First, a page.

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By the rude bridge that arched the flood,

Their flag to April's breeze unfurled, Here once the embattled farmers stood,

And fired the shot heard round the world.

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The foe long since in silence slept;

Alike the conqueror silent sleeps;

And Time the ruined bridge has swept

Down the dark stream which seaward creeps.

On this green bank, by this soft stream,

We set to-day a votive stone;
That memory may their dead redeem,

When, like our sires, our sons are gone.

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Spirit, that made those heroes dare

To die, and leave their children free,
Bid Time and Nature gently spare

The shaft we raise to them and thee.

IO

THE BATTLE-FIELD (1837)

BY WILLIAM CULLEN BRYANT°
ONCE this soft turf, this rivulet's sands,

Were trampled by a hurrying crowd,
And fiery hearts and armed hands

Encountered in the battle-cloud.

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Ah! never shall the land forget

How gushed the life-blood of her brave -
Gushed, warm with hope and courage yet,

Upon the soil they fought to save.
Now all is calm, and fresh, and still ;

Alone the chirp of flitting bird,
And talk of children on the hill,

And bell of wandering kine are heard.
No solemn host goes trailing by

The black-mouthed gun and staggering wain;
Men start not at the battle-cry,

Oh, be it never heard again!

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Soon rested those who fought; but thou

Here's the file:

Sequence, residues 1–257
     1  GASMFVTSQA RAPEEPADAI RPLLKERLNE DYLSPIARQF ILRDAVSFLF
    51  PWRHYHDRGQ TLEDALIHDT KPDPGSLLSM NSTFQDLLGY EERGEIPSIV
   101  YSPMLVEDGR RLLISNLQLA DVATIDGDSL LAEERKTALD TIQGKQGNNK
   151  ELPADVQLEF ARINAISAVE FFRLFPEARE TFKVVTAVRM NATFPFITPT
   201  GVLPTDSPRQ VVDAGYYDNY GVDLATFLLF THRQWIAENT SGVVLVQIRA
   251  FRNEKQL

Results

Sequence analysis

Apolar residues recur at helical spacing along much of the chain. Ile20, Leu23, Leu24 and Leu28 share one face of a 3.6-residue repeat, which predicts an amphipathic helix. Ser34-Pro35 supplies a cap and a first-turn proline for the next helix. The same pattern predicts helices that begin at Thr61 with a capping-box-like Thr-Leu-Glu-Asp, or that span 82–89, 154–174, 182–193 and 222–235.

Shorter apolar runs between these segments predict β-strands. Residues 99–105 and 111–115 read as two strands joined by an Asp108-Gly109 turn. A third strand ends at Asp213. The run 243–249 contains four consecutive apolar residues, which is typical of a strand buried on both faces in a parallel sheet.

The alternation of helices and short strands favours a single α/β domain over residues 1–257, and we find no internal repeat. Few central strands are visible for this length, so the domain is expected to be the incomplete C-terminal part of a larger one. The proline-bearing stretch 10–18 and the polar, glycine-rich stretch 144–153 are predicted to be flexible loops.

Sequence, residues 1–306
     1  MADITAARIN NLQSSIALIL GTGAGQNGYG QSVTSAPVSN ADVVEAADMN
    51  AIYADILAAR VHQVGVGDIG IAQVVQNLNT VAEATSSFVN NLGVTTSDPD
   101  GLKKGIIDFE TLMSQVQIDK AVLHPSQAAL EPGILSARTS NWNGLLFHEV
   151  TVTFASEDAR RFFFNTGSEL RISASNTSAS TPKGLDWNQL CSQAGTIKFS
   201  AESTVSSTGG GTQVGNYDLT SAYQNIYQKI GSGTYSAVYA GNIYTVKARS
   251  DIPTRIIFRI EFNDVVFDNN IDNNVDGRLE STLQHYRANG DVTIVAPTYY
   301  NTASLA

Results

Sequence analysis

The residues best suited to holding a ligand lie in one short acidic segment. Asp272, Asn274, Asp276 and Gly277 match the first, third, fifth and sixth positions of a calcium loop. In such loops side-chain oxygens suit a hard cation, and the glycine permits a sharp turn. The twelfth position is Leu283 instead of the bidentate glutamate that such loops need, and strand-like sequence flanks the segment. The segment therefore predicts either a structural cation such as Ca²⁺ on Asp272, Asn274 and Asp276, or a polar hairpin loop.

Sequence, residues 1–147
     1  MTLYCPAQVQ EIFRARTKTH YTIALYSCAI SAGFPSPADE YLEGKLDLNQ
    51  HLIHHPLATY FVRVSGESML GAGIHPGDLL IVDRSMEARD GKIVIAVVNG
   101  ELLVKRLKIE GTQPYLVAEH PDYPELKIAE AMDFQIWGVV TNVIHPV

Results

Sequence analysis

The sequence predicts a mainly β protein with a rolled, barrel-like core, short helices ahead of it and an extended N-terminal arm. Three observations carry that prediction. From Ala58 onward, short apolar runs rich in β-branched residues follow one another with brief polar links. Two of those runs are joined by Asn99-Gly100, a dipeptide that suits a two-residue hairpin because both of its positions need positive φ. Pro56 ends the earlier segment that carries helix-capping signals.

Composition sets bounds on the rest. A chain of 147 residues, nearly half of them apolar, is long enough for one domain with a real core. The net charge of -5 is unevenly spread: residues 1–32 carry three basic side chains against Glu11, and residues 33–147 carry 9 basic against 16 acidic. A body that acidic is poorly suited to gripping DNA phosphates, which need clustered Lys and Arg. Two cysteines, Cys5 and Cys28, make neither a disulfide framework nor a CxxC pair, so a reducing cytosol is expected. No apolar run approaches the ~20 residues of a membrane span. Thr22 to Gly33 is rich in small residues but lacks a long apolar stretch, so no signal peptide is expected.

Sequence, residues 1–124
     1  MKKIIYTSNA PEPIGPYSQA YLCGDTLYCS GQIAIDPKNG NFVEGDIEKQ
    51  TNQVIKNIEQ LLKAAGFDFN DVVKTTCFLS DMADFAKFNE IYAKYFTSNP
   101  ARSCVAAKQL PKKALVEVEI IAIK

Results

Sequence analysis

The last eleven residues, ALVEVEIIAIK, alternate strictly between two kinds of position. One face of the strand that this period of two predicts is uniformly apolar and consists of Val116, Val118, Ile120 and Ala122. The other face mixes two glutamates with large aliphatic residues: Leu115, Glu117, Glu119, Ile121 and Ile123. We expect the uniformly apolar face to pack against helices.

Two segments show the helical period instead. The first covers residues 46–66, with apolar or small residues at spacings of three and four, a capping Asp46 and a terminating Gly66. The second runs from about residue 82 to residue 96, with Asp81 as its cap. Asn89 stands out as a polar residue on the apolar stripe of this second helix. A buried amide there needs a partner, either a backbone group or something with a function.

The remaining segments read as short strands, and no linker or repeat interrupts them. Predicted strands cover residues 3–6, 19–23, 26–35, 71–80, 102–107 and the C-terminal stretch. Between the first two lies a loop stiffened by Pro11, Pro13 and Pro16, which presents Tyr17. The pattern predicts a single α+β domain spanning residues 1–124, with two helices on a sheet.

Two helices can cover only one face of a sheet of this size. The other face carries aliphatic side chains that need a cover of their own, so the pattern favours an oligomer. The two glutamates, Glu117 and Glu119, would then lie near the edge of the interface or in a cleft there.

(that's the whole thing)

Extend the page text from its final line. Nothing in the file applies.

Who minglest in the harder strife For truths which men receive not now,

Thy warfare only ends with life.

A friendless warfare! lingering long

Through weary day and weary year, A wild and many-weaponed throng

Hang on thy front, and flank, and rear.

IO

Yet nerve thy spirit to the proof,

And blench not at thy chosen lot. The timid good may stand aloof,

The sage may frown yet faint thou not.

Nor heed the shaft too surely cast,

The foul and hissing bolt of scorn; For with thy side shall dwell, at last,

The victory of endurance born.

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Truth, crushed to earth, shall rise again;

The eternal years of God are hers; But Error, wounded, writhes in pain,

And dies among his worshippers.

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Yea, though thou lie upon the dust

When they who helped thee flee in fear, Die full of hope and manly trust,

Like those who fell in battle here.

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Another hand thy sword shall wield,

Another hand the standard wave,
Till from the trumpet's mouth is pealed

The blast of triumph o'er thy grave.

COLUMBIA, THE GEM OF THE OCEAN (1843)
BY DAVID T. SHAW AND THOMAS À BECKET
O COLUMBIA, the gem of the ocean,

The Home of the brave and the free,
The shrine of each patriot's devotion,

A world offers homage to thee !
Thy mandates make heroes assemble,

When Liberty's form stands in view;
Thy banners make Tyranny tremble,

When borne by the red, white and blue.

Chorus

IO

When borne by the red, white, and blue,
When borne by the red, white, and blue,
Thy banners make Tyranny tremble,
When borne by the red, white, and blue.

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When war winged its wide desolation

And threatened the land to deform,
The ark then of Freedom's foundation,

Columbia, rode safe thro' the storm;
With her garlands of vict'ry around her,

When so proudly she bore her brave crew,
With her flag proudly floating before her,

The boast of the red, white, and blue. Cho.
The wine cup, the wine cup bring hither,

And fill you it true to the brim;
May the wreaths they have won never wither,

Nor the star of their glory grow dim !
May the service united ne'er sever,

But they to their colors prove true!
The Army and Navy forever!

Three cheers for the red, white, and blue ! - Cho.

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